*Anna Haensch and Annie Rorem are the hosts of a new podcast, *The Other Half*. This is the second of two posts based on the first episode, about racism and segregation.*

In the first part of episode one, we use the Racial Dot Map to get a sense of what race looks like in our country. And while it certainly gives us a picture of the stark racial lines segregating in our communities, it doesn’t necessarily help us understand how we got to be this way, and perhaps

more relevant, how we can fix this. In the second part of episode one we look at *Parable of the Polygons*, a playable blog post by Vi Hart and Nicky Case, to help us understand these slightly more nuanced questions.

Based on a paper by Nobel Prize-winning game theorist, Thomas Schelling, the playable post combines text and interactive games to show how racism shapes our communities. Schelling’s paper asserts, and the post allows you to see for yourself, that each individual’s threshold for racial tolerance needn’t be all that low to result in extreme community segregation. In Schelling’s model, he assumes that people are reasonably tolerant: They will only move from their neighborhoods if less that ⅓ of their neighbors look like them.

That means that if I live on a city block, where I have eight neighbors, I’ll happily stay put as long as at least three of my neighbors look like me. In other words, potentially five of my neighbors look different from me. Seems like a reasonable thing, right?

But, as Schelling proves, the results are quite counterintuitive: This small bias is enough to result in completely segregated neighborhoods. Even for the most mathematically inclined, this can be a bit of a hard sell. Why the heck should this be true?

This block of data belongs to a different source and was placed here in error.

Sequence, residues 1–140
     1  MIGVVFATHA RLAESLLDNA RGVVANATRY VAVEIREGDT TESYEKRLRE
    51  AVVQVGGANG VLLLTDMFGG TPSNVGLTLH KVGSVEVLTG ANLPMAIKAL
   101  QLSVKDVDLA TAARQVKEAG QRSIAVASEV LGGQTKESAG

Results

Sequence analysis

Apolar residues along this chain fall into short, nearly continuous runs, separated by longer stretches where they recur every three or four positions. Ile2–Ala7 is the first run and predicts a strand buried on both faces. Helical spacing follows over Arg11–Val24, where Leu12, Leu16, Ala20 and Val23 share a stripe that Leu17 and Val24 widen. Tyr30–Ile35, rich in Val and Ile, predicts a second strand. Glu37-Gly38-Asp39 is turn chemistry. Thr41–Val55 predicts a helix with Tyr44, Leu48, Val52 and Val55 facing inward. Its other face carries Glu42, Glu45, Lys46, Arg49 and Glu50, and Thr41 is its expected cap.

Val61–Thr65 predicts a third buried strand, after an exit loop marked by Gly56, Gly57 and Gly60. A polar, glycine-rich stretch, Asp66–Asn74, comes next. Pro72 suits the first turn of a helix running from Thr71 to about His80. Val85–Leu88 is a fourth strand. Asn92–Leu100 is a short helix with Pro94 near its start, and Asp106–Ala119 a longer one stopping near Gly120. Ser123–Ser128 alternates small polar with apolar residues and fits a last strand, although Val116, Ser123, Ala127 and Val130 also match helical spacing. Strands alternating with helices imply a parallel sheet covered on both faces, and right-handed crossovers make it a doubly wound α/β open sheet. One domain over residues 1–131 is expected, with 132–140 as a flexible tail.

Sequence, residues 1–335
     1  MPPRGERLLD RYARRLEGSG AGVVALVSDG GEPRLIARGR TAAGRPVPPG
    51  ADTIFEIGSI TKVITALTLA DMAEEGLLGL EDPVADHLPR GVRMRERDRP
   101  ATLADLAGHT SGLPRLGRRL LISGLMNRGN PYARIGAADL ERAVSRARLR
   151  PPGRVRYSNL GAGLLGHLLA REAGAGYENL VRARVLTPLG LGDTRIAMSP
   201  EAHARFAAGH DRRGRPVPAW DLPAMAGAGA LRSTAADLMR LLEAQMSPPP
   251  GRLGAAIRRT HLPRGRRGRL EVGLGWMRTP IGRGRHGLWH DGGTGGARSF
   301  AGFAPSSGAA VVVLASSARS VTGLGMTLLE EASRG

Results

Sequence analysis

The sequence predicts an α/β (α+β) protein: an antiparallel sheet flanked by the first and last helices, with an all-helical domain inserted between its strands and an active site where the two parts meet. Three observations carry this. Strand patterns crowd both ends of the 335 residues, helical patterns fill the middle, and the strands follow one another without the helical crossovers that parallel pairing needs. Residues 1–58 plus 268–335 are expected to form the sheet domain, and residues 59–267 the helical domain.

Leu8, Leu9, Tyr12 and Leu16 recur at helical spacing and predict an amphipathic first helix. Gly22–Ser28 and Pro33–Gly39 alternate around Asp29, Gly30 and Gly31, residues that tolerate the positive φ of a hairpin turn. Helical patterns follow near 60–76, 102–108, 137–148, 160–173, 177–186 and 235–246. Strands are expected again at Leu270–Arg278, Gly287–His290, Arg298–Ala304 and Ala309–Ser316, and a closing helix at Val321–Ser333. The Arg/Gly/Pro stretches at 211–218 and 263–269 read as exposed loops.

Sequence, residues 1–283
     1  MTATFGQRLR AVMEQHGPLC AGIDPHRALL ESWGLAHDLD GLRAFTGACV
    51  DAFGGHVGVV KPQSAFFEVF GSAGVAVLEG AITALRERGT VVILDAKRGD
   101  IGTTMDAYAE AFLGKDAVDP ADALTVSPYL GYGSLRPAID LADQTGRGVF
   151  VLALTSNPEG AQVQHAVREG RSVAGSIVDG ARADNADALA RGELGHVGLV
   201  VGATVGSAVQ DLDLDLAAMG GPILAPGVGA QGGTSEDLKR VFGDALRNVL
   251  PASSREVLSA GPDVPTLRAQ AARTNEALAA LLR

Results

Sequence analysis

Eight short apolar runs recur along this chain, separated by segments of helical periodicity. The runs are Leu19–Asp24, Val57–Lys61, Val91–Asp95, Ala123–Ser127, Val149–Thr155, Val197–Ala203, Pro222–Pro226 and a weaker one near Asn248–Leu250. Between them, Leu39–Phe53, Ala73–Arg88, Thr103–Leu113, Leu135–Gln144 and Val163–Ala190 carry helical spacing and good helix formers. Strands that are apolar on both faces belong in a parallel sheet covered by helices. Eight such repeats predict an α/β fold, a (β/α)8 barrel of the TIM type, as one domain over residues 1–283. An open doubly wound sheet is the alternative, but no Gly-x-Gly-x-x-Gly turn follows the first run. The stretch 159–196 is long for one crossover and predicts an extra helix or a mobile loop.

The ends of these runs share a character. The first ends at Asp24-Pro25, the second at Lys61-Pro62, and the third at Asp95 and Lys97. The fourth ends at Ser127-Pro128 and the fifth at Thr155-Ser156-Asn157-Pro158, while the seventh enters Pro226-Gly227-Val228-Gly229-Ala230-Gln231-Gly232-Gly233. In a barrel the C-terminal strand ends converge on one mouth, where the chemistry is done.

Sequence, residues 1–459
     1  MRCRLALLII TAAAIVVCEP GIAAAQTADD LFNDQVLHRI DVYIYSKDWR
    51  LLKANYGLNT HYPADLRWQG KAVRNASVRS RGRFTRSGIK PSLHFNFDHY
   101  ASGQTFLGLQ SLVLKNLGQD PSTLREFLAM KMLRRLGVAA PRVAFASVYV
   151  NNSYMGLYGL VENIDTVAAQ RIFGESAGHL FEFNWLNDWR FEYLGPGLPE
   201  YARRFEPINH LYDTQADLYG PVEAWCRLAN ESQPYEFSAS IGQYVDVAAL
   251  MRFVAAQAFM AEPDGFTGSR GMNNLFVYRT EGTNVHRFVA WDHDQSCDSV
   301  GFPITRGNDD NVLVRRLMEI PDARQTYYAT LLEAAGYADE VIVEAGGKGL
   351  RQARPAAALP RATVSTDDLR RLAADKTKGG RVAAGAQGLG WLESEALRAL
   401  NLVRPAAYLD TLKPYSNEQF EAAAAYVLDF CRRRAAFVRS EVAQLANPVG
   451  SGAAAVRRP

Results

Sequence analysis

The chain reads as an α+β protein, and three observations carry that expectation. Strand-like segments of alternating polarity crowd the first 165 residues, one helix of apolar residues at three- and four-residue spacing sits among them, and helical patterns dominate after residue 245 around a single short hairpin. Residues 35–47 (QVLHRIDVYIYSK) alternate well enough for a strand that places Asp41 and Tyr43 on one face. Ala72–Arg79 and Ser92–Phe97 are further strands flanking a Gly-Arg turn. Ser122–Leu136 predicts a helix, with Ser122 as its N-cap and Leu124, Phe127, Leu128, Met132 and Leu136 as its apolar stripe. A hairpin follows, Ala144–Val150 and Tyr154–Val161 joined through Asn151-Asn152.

This is where Hart and Case’s post steps in. They help us understand this mathematical concept through a series of interactive drag-and-drop games. Rather than a neighborhood full of potentially racist people, they build a grid of “shapist” shapes: squares and triangles. Just like in Schelling’s paper, these “shapist” shapes will move if less than ⅓ of their neighboring shapes look like them. Clicking and dragging until every shape is smiling contentedly, you only needs to play a few rounds to convince yourself that total segregation is always the inevitable outcome.

In episode one we talk with creator Nicki Case about some of his motivations behind creating the post, and some of the broader implications that this has in our lives. Putting a quantitative measure on our own personal bias is a really helpful way to understand how our choices and actions affect the neighborhoods we live in.

*The Other Half, a new podcast from ACMEScience.com, is an exploration of the the other half of a bunch of things. First, Anna and Annie want to take you on a tour of the other half of math — the fun half you might be missing when you learn math in school, the half that helps you makes sense of your own life. And on the flip side of that equation, they want to explore the other half of life — the half of day to day social scenarios that can be better understood by thinking about them like a mathematician. Lastly, Anna and Annie — as women of science — represent the other half of people. More than half of the humans on earth are female, but that parity isn’t reflected in the world of math and science. They hope to lend some much needed lady voices to the conversation. Listen in at theotherhalf.acmescience.com.*